September 26, 2023

The significance of metadata

min read

Metadata, defined as “data about data,” plays a crucial role in scholarly research by helping to describe resources in a structured manner. In the context of journal articles, metadata encompasses unique, persistent identifiers (PIDs), such as the International Standard Serial Number (ISSN), the Digital Object Identifier (DOI), the Open Researcher and Contributor ID (ORCID), as well as journal information such as volume, issue, and page numbers. Similarly, book metadata encompasses elements such as the International Standard Book Number (ISBN), title, page numbers, and author information.

When metadata is standardized and machine-readable, it presents numerous, significant benefits. It helps acknowledge research funders appropriately, facilitates searchability and discoverability of the content, enables reproducibility, and more. In essence, metadata serves as the linchpin in the seamless exchange, discovery, and recognition of scholarly contributions.

However, the potential of metadata to yield positive impact hinges on its accuracy, consistency, and robustness. Currently, the scholarly publishing industry grapples with challenges stemming from a lack of synchronization across publication phases, leading to the loss of crucial metadata. Additionally, the management of metadata requires a substantial amount of manual effort. This deficiency has far-reaching consequences, negatively impacting discoverability and interoperability with other systems. 

The case for rich metadata is evident. However, integrating it seamlessly into existing processes in the scholarly publishing landscape remains a significant challenge.

The Publisherspeak 2023 breakout session for this theme was chaired by David Haber (American Society for Microbiology). Contributors to this breakout session include Jerry Orvedahl (Sage Publishing), Rob O'Donnell (Rockefeller University Press), Natalie Ngo (American Society of Nephrology), Audra Cox (American Physiological Society), Andrew Harmon (Endocrine Society), Paul Gee (The JAMA Network), Margaret Donnelly (Wiley), James Brandt (Ingenta), Tim Marney (American Psychiatric Association), and Chris Reid (American Association for the Advancement of Science).

Challenge identified

At Publisherspeak 2023, the group handling this theme identified 3 core challenges pertaining to metadata infrastructure:

  1. Getting different systems to use data the same way
  2. Incentivising/Enabling authors to provide the correct metadata up front as they are the source of truth
  3. How to message and explain the value added by early metadata capture to all parties interacting with the publishing workflow (this includes funding agencies, authors, research institutions, libraries, aggregators, and more)?

Out of these 3 challenges, “Incentivising/Enabling authors to provide the correct metadata up front as they are the source of truth” was selected as the top challenge to focus on, and the group built their Solution Canvas to address this challenge.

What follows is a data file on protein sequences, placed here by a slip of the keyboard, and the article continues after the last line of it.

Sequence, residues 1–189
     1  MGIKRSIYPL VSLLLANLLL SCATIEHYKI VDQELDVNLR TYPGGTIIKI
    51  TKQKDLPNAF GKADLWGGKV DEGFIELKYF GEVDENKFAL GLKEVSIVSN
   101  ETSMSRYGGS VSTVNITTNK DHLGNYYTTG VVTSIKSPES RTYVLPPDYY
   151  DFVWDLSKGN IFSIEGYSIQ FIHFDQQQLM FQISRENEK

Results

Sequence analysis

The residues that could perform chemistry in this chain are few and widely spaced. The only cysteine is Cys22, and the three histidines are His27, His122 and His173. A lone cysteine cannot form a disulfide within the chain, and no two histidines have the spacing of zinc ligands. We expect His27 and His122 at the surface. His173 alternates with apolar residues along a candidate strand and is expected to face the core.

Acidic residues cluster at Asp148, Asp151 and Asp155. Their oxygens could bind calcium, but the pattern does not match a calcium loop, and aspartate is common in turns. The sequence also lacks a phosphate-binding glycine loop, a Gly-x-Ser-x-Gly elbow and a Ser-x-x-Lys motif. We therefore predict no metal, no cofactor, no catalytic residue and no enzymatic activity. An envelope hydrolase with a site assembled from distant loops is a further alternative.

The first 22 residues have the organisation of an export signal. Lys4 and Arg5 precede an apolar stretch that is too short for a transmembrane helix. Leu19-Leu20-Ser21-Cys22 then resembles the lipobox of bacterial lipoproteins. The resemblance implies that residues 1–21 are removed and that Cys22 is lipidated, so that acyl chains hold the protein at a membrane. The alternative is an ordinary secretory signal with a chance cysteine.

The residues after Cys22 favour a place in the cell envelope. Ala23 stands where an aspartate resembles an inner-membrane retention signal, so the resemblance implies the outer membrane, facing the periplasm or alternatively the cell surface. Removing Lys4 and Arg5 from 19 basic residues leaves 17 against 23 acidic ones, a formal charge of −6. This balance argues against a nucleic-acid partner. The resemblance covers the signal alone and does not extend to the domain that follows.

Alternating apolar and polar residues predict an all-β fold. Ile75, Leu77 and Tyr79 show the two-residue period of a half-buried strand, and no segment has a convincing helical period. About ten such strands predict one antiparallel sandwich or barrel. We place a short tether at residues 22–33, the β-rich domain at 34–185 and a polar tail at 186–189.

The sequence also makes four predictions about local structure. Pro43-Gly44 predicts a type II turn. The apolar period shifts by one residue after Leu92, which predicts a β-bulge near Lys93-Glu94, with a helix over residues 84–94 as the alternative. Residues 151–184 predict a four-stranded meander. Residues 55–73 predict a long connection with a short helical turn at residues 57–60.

Strategic solutions to enable and ensure accurate metadata

Ensuring accurate and comprehensive metadata from the outset is paramount as authors serve as the primary source of truth in scholarly research. Recognizing this, the group at Publisherspeak 2023 collaboratively brainstormed strategies to enable the collection of precise metadata directly from authors. 

The group put forth a strategy that involves mandating authors to provide metadata, supported by a centralized app featuring an author-centric metadata collection hub managed by institutions. Additionally, the group suggested a research project-centric data collection hub, aiming to streamline and simplify the author submission process.

These strategies not only enhance the submission experience for authors but also benefit publishers by ensuring clean, easily manageable data. The result is more discoverable content driven by accurate metadata, ultimately leading to fewer post-publication corrections.

It was recognized that this is a twofold challenge:

  1. The technical problem of centralized metadata capture
  2. The behavioral change required if metadata capture and maintenance became a point of emphasis in the research lifecycle

Of the two challenges, it is the second that is the most difficult. Despite our new world of interoperability and digital transformation, the black box of print workflows still dominate and inform so many of our systems. Because of that, any new process or technical solution is engineered around these frequently outdated assumptions about what is being produced and distributed as research outputs. It must be remembered that one of the most vital outputs of research (in addition to the discovery itself) is clear precise information about said discovery. It is not necessarily a research article in the form of a pretty PDF file or elaborate webpage.Those are just byproducts.

With the article being just a single planet circling the solar system of a given research endeavor, it is vital that the metadata about science becomes central and top of mind to the researcher. Our workflows and processes need to emphasize that point in each step, making it easy and simple for authors to confirm, change, and update those key girders that connect their science to the world.

A challenge of this nature calls for collaboration from various stakeholders, including corresponding and contributing authors, funders, research institutions, indexers, and publishers as ancillary stakeholders. A holistic approach to this challenge, as outlined by the Solution Canvas, can help bridge the gap between the potential benefits of rich metadata and the current challenges faced in its implementation within the scholarly publishing ecosystem.

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